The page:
During a recent outing to Union City I made sure to capture a train passing the tower.

The auto rack train is headed westbound on the Indianapolis Line. I hope that it is not the last image I made of this tower, but you never know.

A Nice Sunday With CSX in Union City

August 13, 2014

Westbound Q007 passes the former Union City tower in a view taken at the North Columbia Street grade crossing on the north side of the tracks.

Westbound Q007 passes the former Union City tower in a view taken at the North Columbia Street grade crossing on the north side of the tracks.

Union City is a small town that straddles the border of Indiana and Ohio. It’s a nice place to railfan because it has a restored passenger station that once served the Pennsylvania and New York Central. The interlocking tower that once controlled the crossing of the two railroads also still stands although it closed in about 1969.

The PRR route was the ex-Panhandle between Columbus and Chicago (via Logansport, Ind.). The NYC route was the Cleveland-St. Louis route of the ex-Big Four (via Indianapolis). The Baltimore & Ohio once had a branch from
Dayton to Union City (ex-Dayton & Union) that terminated here.

Major changes began to occur during the Penn Central era when PC created a Columbus-Indianapolis route that involved the ex-NYC west of Union City and the ex-PRR east of there via Bradford, Ohio.

This enabled the PC to downgrade the ex-PRR line between Bradford and New Paris, Ohio., and even the predominantly passenger route between New Paris and Dayton. During the Conrail era there were massive route reductions and when the dust had settled the ex-PRR route through Union City was gone. The last B&O train to Union City ran in 1964.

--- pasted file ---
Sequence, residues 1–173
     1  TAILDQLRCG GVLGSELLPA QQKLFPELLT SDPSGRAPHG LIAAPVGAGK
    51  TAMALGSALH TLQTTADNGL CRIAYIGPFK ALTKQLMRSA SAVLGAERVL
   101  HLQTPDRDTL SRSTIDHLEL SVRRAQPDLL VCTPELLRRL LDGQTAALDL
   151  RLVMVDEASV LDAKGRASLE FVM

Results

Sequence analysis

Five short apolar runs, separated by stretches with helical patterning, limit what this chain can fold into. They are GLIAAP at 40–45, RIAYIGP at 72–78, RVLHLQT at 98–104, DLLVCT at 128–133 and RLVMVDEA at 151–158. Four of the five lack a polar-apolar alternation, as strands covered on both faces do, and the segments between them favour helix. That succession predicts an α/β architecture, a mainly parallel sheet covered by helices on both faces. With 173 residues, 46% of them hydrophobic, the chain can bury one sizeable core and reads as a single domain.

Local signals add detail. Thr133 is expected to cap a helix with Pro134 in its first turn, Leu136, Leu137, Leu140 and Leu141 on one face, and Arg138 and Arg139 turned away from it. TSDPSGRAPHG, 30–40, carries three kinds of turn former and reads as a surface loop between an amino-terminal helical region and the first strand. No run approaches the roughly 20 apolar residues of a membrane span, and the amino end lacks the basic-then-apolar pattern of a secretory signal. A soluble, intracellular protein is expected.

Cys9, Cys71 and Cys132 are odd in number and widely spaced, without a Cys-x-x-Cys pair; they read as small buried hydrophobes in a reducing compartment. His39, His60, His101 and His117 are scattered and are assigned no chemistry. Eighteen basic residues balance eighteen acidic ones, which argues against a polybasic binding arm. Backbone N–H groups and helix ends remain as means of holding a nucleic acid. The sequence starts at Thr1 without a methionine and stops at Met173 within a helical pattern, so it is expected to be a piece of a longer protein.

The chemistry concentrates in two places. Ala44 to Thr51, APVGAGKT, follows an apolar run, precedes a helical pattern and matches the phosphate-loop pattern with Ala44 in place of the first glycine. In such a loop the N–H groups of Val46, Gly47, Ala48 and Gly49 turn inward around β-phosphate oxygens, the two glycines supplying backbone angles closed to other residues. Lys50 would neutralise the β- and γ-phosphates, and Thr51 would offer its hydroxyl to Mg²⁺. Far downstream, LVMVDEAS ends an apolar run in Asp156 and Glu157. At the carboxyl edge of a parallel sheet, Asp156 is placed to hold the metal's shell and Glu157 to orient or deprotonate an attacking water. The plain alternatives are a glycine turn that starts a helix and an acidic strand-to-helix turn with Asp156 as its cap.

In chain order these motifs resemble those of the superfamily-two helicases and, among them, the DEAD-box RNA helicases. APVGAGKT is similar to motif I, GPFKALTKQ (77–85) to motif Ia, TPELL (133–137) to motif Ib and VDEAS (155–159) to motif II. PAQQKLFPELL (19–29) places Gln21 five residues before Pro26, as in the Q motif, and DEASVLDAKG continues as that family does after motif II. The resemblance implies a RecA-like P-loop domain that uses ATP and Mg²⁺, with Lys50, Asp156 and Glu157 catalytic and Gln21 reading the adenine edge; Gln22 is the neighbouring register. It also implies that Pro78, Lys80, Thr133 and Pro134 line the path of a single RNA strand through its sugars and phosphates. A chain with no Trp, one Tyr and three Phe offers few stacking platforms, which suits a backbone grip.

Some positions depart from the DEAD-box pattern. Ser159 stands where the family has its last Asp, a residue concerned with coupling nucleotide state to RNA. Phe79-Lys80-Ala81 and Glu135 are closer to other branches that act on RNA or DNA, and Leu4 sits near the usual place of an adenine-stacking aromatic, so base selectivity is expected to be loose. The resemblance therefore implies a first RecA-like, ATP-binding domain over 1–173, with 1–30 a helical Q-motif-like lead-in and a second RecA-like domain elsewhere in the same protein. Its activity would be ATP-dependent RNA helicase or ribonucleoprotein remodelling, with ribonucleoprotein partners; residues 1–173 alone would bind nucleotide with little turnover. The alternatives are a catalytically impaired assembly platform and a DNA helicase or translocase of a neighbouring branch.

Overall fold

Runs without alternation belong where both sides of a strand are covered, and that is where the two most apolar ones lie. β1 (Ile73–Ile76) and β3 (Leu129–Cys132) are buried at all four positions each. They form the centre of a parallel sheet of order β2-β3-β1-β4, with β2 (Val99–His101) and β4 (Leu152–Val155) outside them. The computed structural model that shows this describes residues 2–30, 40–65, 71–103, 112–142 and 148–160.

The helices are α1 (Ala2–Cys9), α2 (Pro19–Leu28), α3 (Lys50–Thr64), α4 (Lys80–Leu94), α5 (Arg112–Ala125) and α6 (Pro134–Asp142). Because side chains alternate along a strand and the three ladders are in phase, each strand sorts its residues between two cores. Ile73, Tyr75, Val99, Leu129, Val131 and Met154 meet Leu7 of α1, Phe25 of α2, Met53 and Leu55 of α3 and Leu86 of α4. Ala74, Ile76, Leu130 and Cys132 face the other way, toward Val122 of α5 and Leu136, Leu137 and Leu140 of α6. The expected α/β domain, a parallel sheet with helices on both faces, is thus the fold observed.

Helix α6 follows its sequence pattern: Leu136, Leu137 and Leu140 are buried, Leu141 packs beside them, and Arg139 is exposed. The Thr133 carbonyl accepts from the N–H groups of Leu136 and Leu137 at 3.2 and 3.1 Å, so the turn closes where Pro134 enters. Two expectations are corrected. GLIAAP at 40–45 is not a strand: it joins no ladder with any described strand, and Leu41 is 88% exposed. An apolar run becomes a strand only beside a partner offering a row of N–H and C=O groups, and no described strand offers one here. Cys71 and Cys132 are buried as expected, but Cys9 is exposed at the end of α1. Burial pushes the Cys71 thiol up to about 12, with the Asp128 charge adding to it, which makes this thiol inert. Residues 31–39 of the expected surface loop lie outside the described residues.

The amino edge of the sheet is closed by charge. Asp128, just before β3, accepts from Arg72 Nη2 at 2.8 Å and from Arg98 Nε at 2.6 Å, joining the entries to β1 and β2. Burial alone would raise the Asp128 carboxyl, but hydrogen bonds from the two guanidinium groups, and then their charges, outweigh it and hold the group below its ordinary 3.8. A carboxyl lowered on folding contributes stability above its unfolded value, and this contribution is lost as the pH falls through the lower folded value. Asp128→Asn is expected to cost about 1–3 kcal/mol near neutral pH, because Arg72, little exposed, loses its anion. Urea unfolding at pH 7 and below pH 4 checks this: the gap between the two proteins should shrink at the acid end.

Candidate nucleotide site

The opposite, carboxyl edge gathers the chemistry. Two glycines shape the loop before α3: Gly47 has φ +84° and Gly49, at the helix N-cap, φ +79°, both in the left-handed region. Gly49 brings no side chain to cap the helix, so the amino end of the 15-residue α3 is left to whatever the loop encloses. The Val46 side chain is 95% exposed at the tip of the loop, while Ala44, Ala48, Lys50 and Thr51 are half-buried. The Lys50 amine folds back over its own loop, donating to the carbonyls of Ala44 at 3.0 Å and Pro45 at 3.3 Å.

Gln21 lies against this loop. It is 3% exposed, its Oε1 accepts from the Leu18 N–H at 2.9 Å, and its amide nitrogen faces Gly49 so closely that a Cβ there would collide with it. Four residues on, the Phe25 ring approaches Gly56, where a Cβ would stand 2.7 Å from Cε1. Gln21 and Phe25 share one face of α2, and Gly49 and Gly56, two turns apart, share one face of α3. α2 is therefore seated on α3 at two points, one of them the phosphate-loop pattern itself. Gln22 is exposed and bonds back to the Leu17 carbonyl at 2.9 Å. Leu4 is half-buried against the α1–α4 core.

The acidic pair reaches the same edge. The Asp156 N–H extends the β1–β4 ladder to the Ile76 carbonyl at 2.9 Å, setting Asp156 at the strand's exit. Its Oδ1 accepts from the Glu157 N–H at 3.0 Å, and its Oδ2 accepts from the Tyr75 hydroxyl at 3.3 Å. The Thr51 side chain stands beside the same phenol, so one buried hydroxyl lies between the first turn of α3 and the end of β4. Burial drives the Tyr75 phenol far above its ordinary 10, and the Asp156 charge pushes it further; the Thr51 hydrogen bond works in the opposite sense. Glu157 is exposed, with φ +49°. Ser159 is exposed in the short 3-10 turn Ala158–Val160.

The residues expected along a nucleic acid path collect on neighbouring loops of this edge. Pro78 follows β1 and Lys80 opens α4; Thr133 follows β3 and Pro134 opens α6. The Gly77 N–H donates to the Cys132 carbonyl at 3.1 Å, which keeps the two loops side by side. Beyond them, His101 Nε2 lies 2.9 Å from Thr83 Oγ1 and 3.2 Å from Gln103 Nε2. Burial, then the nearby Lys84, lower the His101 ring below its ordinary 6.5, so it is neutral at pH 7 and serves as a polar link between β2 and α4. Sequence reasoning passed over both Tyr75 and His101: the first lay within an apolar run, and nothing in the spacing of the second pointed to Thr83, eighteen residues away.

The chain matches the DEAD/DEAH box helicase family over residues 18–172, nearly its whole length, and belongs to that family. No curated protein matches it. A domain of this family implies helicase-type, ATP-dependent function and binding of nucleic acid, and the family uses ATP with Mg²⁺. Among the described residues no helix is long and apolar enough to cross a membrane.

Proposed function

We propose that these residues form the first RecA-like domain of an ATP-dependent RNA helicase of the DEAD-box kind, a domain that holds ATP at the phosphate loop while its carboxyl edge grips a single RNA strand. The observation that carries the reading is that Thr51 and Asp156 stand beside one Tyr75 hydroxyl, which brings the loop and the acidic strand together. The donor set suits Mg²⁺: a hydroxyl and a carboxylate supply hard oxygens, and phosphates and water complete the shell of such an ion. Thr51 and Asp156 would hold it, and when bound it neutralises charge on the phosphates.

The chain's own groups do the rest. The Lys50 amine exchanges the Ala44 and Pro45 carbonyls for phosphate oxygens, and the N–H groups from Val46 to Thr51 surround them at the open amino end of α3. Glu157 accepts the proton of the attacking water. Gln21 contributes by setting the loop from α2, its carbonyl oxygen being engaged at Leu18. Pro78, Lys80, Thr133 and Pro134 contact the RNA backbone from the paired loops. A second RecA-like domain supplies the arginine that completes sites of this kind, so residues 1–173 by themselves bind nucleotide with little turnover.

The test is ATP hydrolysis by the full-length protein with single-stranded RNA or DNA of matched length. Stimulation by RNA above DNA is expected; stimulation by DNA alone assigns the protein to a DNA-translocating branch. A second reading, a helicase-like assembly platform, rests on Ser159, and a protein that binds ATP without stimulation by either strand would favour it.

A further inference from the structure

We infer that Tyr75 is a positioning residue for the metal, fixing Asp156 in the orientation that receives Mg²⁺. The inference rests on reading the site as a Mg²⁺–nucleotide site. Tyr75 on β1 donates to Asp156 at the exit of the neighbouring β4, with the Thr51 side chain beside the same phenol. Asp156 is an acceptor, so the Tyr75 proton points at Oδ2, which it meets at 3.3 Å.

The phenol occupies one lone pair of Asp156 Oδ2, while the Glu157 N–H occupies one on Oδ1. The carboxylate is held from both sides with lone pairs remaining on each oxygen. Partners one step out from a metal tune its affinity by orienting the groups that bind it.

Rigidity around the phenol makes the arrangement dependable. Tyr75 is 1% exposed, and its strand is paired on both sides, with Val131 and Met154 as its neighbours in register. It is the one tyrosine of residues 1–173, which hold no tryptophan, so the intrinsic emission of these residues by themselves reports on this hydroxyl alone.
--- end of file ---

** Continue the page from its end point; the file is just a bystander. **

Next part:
Also ripped up were both ex-PRR routes that operated through New Paris. I spent part of Sunday morning and afternoon in Union City earlier this week on my return home from a trip to East Central Illinois.

Traffic seemed to be steady during my four hours there with eight trains rolling through town. Five of those trains were headed west. I understand, though, that the Indianapolis Line can have some very long lull periods.

The last passenger trains to pass through here were Penn Central Nos. 315/316, which were predominantly mail and express trains and both former NYC trains. No. 315 was once the Cleveland to St. Louis Gateway while No. 316 was the former Cleveland Special.

In their final years, the head end business had pretty much dried up and few passengers rode the lone coach on the train.

No. 315 would depart Cleveland just before midnight and arrive in Indianapolis just after 6 a.m. Some 3.5 hours later, the train would depart as No. 316 for Cleveland. The Official Guide for April 1971 shows that No. 315 did not stop for passengers in Union City.

The last Pennsy passenger train to serve Union City was the Chicago-Columbus Ohioan, which was discontinued on Dec. 31, 1958.

Union City briefly served as the eastern terminus of NYC passenger trains 312 and 314, the Southwestern and Knickerbocker respectively.

In late 1967, the NYC discontinued the trains in Ohio, which made them St. Louis-Union City, Ind., trains. In practice, the equipment ran empty between Union City and Bellefontaine, Ohio, where at the latter there were service facilities . The trains made their final trips on March 18, 1968. By then they were one E unit and one coach.

Although I’d like to get back to Union City, it’s a long trip from the Cleveland-Akron area. Chances are my next visit to Union City will occur during another trip through this region for other purposes.

Article and Photographs by Craig Sanders

On the south side of the tracks is a McDonalds with a parking lot that backs up to the railroad. I was standing on the edge of that lot when I took this photo of this westbound with a load of boxcars. I think its symbol was Q233.